Prostitution's legal status in most Australian states could make it an appealing location for sex trafficking.
The state government will release a discussion paper this month on Tasmania's sex industry laws after years of debate that the 2005 criminalisation of brothels made sex workers vulnerable to exploitation.
The Swedish Government has long criticised developed countries where prostitution is legal, arguing that its legal status generates underground demand for sex trafficking and allows unscrupulous operators to work girls up to 18 hours a day, earning them as much money as possible.
Scarlet Alliance Tasmanian spokeswoman Jade Barker has denied that Australia's regulation of its sex industry made it vulnerable to sex traffickers though the claim was disputed by a Tasmanian counsellor who deals with abused women daily.
``I don't think it is realistic to believe that (sex trafficking) doesn't happen here when there is evidence to suggest that it is a very widespread - if difficult to identify - practice in Australia and worldwide,'' Launceston's Laurel House senior counsellor Rachel Portsmouth said.
``I am not aware of any particular characteristics of Tasmania that make it a more or less appealing hot spot although any island has geographical and social features that allow some crimes to more easily flourish whilst discouraging some others.''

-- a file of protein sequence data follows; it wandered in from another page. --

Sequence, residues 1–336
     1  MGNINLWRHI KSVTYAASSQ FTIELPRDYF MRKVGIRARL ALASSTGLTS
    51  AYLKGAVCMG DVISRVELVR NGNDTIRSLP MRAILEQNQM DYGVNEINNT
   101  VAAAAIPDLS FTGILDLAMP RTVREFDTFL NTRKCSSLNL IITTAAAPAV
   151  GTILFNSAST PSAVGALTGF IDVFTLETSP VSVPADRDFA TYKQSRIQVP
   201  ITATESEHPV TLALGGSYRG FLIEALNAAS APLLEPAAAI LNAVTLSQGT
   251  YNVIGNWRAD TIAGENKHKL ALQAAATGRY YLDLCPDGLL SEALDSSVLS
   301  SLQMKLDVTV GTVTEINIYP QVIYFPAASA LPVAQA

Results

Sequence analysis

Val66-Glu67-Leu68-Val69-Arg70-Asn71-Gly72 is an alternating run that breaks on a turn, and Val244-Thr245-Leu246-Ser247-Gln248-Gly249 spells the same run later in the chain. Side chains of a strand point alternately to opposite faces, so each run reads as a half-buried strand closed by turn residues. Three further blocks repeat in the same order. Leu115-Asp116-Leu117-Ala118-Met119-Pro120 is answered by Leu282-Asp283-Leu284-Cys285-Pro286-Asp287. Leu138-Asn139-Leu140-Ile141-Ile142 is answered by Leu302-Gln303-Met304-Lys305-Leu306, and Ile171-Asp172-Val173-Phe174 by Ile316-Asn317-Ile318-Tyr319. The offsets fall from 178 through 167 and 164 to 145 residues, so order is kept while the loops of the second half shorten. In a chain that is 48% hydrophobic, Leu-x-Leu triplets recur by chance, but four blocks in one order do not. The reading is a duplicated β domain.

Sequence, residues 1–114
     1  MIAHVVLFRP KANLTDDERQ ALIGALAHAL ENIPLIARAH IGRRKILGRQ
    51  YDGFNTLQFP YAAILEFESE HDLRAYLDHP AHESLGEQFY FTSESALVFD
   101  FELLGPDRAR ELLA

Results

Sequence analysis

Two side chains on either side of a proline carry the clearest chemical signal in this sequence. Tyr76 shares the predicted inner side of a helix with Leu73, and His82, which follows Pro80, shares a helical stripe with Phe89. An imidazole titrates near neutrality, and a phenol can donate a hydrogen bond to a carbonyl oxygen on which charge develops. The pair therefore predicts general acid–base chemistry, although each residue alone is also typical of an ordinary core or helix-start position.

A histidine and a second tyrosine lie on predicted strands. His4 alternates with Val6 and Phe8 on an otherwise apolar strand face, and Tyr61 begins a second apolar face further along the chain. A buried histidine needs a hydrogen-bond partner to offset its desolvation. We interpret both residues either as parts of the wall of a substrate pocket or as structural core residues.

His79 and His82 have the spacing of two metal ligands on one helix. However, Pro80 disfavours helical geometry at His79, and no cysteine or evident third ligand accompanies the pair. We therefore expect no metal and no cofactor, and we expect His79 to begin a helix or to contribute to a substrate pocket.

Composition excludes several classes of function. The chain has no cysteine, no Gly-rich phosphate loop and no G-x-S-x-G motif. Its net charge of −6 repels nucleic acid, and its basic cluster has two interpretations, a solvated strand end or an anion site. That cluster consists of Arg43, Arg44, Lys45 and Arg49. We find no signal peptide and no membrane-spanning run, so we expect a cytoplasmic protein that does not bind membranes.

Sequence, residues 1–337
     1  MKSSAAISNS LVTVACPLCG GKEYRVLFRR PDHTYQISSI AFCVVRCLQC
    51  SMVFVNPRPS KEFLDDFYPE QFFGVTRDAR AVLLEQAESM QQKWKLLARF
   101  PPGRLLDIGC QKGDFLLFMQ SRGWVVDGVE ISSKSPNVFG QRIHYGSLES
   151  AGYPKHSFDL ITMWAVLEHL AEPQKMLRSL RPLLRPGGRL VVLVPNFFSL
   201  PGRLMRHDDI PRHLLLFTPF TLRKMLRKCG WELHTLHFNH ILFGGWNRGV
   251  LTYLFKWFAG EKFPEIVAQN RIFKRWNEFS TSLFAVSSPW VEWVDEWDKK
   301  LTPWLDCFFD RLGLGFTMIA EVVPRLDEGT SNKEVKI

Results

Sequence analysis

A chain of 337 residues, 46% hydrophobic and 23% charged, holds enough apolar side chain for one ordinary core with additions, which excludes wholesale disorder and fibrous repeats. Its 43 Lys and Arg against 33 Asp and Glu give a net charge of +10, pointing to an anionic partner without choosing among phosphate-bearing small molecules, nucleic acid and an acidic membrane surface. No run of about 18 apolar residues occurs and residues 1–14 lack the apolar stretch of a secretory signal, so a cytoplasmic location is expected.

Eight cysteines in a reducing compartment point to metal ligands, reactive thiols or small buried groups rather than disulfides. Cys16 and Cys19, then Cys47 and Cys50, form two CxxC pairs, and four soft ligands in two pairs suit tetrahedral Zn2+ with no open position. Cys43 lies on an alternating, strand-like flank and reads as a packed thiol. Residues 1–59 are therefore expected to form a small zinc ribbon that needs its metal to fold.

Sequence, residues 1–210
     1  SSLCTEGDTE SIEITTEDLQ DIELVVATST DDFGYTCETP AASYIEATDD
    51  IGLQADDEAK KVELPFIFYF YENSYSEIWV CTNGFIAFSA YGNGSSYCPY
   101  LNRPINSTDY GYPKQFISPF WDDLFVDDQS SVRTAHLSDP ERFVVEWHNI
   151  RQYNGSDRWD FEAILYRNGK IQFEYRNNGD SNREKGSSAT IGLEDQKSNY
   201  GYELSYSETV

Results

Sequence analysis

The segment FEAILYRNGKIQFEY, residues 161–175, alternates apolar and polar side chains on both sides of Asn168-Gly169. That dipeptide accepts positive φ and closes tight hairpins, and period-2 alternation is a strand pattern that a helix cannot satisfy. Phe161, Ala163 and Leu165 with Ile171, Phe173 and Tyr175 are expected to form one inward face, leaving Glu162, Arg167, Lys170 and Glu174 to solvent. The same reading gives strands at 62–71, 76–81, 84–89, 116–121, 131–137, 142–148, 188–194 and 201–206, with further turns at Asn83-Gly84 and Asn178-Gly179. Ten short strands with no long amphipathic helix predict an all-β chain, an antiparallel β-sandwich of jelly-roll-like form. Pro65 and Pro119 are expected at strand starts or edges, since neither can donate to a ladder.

In announcing more funding for the Australian Red Cross's Support for Victims of People Trafficking program last February, Women's Minister Kate Ellis said 83 per cent of trafficking victims identified in Australia were women working in the sex industry.
This followed statistics from a 2004 parliamentary inquiry into sexual servitude that found between 300 and 1000 women were trafficked to Australia for sexual servitude each year.
The Australian Federal Police from 2003 has investigated 305 cases of sexual servitude, rescuing 184 victims.
In most cases, these women had been working in the sex industry to pay off debts between $15,000 and $40,000 for coming to Australia.
The Australian Crime Commission reported in 2006 that deceptive contractual practices were increasing among women in prostitution where some had come to the country to study and instead found themselves working in brothels.
Ms Barker said it was important that debt-bonded prostitution, although a human rights issue, was distinguished from sex trafficking.
``There is a confusion around what is sexual servitude,'' she said.
``There are situations where people do accept bondage agreements where they've come to Australia, not knowing it is legal for sex workers to get a work visa here if the state you are going to has a legal sex industry.''
``In debt-bonded agreements, they fully understand that they will be participating in sex work so they are not being trafficked.
``It is unfair that they enter into such agreements, and would be in any job, but it is not as if they didn't know what they were coming here to do.''
Ms Barker said in the last nine years, there had been only two convictions concerning sex trafficking.
From 2005, there have been five convictions concerning sex servitude.